PLSA proposes plan to tackle pension scams
The regulation for setting up smaller pension schemes is not effective in preventing pension schemes being used as vehicles for scams.
With this in mind, the Pensions and Lifetime Savings Association (PLSA) has responded to the government's consultation on scams by setting out proposals for an authorisation regime for pension schemes. It would focus initially on all new schemes with fewer than 100 members, and existing schemes with fewer than 100 members that wish to receive pension transfers. This would cover small self-administered schemes (SSASs), which, together with overseas schemes, present the greatest risk of being used as vehicles for scams.
Within the authorisation regime will be a legal requirement for smaller schemes that are new or wish to accept transfers, to appoint an independent professional trustee with a duty to blow the whistle if they suspect a scam.
This requirement would be backed up by a mandatory qualification for independent professional trustees based closely on the requirements for trustees of master trusts. An alternative would be for small schemes to have a recognised professional, such as a lawyer, accountant or actuary, as the independent trustee.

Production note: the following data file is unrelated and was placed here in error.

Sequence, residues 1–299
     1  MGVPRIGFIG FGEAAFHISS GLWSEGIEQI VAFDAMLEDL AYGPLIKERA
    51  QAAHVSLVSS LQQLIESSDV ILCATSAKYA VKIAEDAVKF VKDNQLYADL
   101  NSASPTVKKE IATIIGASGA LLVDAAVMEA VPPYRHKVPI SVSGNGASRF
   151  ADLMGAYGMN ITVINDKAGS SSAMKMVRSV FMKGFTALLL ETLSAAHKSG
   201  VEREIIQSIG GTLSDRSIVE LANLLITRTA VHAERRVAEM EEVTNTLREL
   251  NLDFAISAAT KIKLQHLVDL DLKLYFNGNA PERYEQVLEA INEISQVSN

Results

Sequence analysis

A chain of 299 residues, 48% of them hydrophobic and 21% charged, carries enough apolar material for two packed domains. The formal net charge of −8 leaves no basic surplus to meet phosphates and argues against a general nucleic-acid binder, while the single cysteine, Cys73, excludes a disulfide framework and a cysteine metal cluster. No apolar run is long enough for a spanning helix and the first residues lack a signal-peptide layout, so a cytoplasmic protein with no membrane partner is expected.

Graham Vidler, director of external affairs, PLSA, said: "Pension schemes see scams as a major and increasing threat to their members' retirement savings. We welcome the government's commitment to tackle the issue but a much more ambitious approach is needed.
"A completely new authorisation regime for pension schemes will offer savers robust protection from scammers who have been able to set up pension scam vehicles too easily in the past. The nature of the regime will depend on the risks presented, but we should start by introducing authorisation for the schemes with the greatest risks, such as smaller schemes and SSASs."
The PLSA has welcomed the government's proposed ban on cold calling, but goes further, suggesting that the ban should cover text messages and other forms of digital messaging.